For Immediate Release
June 14, 1996
Contact: Marc Gaden
The Great Lakes Fishery Commission held its 41st Annual Meeting in early June to focus on the state of the Great Lakes fishery and on programs to rehabilitate the resources. During the meeting--held in Milwaukee, Wisconsin--the commission celebrated the success of lake trout restoration in Lake Superior, unveiled its World Wide Web Internet site, honored retiring commissioner Buzz Besadny and U.S. advisor Paul Wendler, and heard about the importance of pending national legislation to protect against the introduction of exotic species into U.S. waters. Eve Galanter delivered the keynote adress on behalf of Senator Herb Kohl, who was detained in Washington by legislative business. The Commission presented Eve with a Certificate to acknowledge Senator Kohl's many years of leadership in the preservation and stewardship of the Great Lakes ecosystem.
After decades of careful lake trout restoration efforts, fishery managers announced earlier this year that lake trout in large areas of Lake Superior are again self-sustaining. This announcement signals a major victory for the ecosystem and means that the state, federal, provincial, and tribal management authorities will no longer need to stock federally-reared lake trout in areas of the lake extending from the Apostle Islands in Wisconsin eastward to Grand Marias, Michigan. During the annual meeting, the commission presented awards to fishery agencies that made this tremendous success possible. Agencies receiving awards included:
Mr. Douglas Jester of the Michigan Department of Natural Resources,
speaking on behalf of the Lake Superior Committee, stated: "our many
dedicated hatchery employees and area managers who produced quality lake
trout by the millions during the past three decades contributed greatly
to the species' comeback and certainly have our recognition and praise
for a job well done." Commission chair Gail Beggs added: "the
success of lake trout rehabilitation proves we have the wherewithal to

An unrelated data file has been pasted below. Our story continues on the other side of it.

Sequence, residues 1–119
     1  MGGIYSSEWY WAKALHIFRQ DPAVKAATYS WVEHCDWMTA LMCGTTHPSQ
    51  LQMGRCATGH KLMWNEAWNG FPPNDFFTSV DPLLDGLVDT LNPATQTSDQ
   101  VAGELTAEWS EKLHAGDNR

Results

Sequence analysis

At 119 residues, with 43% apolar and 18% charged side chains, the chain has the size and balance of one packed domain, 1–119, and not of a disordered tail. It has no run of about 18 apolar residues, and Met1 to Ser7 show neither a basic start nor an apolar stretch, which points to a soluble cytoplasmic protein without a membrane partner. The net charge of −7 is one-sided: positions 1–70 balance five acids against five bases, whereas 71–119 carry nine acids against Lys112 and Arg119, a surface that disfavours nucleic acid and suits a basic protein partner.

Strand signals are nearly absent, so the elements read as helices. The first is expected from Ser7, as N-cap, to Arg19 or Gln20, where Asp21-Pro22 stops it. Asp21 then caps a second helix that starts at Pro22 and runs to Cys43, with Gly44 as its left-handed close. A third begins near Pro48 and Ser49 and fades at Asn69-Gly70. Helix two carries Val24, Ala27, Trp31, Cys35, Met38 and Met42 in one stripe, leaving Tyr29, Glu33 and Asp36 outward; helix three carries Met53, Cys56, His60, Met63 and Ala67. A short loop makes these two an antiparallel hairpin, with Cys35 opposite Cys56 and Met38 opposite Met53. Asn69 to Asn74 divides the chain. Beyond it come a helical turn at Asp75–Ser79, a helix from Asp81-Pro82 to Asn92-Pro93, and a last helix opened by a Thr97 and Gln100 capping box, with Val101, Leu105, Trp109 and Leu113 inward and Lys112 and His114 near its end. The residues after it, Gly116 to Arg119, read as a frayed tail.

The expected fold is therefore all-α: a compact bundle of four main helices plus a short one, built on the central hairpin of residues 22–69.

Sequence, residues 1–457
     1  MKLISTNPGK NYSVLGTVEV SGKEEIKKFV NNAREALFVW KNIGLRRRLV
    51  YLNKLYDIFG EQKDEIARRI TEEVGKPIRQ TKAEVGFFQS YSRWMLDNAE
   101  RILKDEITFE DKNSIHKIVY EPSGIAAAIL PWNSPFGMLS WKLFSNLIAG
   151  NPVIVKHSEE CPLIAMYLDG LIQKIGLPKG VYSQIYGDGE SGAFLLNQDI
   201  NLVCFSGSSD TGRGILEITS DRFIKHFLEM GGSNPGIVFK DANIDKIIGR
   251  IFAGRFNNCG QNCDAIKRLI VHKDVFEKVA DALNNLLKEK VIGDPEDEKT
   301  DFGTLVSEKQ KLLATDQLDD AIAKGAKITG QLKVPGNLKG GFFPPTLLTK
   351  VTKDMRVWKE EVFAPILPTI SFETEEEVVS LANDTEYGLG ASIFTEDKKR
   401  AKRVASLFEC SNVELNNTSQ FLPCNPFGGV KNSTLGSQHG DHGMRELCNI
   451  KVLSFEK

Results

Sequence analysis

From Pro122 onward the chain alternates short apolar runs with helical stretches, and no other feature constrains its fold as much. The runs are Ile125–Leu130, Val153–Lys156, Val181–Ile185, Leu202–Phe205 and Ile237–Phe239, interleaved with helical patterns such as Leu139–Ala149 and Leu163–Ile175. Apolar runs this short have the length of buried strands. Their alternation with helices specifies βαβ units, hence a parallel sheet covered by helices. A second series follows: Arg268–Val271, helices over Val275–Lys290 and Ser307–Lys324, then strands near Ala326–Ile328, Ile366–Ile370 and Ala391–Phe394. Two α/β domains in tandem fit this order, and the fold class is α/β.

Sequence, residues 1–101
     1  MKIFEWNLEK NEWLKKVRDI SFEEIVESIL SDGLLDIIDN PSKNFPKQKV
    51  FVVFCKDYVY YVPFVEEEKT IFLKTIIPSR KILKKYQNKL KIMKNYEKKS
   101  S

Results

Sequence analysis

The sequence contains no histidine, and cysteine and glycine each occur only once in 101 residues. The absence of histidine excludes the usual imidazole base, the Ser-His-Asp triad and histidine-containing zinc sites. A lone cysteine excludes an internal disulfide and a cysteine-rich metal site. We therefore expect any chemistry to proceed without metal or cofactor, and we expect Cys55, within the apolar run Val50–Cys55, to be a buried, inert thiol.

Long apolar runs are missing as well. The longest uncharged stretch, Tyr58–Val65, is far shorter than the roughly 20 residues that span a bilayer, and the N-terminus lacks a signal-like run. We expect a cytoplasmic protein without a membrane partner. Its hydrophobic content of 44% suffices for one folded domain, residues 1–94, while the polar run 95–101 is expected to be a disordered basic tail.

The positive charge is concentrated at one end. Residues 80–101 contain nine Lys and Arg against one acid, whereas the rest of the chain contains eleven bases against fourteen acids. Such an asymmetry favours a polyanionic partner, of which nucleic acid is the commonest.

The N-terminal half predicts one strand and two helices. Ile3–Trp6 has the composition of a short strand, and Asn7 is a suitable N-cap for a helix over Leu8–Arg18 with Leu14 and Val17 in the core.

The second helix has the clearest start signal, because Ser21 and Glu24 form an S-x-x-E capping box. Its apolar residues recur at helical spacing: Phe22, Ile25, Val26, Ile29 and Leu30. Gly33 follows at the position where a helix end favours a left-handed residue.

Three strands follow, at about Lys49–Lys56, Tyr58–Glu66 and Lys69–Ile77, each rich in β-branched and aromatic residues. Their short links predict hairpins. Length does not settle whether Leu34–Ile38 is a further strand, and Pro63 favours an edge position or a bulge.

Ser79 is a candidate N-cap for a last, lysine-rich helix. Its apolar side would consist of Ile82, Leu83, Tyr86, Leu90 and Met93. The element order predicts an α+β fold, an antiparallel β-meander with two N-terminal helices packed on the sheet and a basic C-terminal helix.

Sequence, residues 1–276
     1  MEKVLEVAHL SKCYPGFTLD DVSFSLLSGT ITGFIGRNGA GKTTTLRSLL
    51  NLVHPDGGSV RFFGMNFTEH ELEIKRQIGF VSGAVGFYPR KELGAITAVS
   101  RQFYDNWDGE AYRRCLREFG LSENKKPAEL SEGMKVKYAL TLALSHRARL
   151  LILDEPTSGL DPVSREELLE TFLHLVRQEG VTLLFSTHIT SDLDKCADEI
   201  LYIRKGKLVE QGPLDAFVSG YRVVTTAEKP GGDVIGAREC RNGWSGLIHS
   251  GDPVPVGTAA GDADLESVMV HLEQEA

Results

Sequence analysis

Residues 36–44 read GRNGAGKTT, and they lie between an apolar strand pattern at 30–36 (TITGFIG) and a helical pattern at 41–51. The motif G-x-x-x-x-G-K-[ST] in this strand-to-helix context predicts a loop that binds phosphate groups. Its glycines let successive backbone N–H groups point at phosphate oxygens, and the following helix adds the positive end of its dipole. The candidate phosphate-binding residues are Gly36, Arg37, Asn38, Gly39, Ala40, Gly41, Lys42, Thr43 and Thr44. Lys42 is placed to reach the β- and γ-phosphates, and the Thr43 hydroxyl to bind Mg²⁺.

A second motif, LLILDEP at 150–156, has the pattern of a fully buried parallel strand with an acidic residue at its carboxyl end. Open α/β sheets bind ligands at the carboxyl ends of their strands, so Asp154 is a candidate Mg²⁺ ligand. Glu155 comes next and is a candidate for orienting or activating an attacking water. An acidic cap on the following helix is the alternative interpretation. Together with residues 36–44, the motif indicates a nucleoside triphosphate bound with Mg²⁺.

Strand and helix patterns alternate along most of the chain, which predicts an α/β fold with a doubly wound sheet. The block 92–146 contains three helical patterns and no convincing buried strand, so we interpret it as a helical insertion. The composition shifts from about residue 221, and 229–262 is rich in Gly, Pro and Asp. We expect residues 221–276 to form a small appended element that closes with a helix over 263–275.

rebuild the damaged fishery."
The Great Lakes Fishery Commission proudly unveiled its World Wide Web site during its annual meeting in Milwaukee, making available through cyberspace information about:
The site is under construction and will contain in the near future fishery
databases, computer images of fish species, and the commission's newsletter
Forum. The commission's home page is accessible by using the address "http://glfc.cic.net"
or through the Great Lakes Information Network.
The commission honored retired commissioner Buzz Besadny, whose term as commissioner expired in February, 1996. Mr. Besadny, the former Wisconsin DNR Secretary, helped draft the Strategic Great Lakes Fisheries Management Plan (the plan under which federal, state, provincial, and tribal fishery agencies operate), and served as commissioner since 1990.
The commission also honored U.S. advisor Paul Wendler for his success
in building a partnership with Dow Chemical to improve fish passage on
Michigan's Tittabawassee River. Mr. Wendler's efforts helped secure a donation
by Dow (matched by the commission) to hire a fish passage engineer to analyze
the existing fishway at a Dow-owned dam and to suggest measures for an
effective lamprey trap and fish passage facility at the site. Said U.S.
Barrier Coordinator Ellie Koon of the Fish and Wildlife Service, "this
partnership would not have been possible without Paul Wendler's help."
The commission has long acknowledged that exotic species pose some of the largest threats to the Great Lakes fishery. Indeed, sea lampreys caused near collapse of the fishery in the 1940s and scientists are just beginning to understand the impact of the prolific zebra mussel, which entered the Great Lakes in the late 1980s. Allegra Cangelosi, a Senior Policy Analyst at the Northeast-Midwest Institute, briefed the commission on pending legislation in the United States--the National Invasive Species Act, the reauthorization of the important Nonindigenous Aquatic Nuisance Prevention and Control Act of 1990--that would address the serious problem of exotic species introductions into U.S. waters. Ms. Cangelosi stressed that the pending legislation is national in scope and will protect U.S. waters from exotic introductions by focusing more attention on ballast water, research, and effort coordination.
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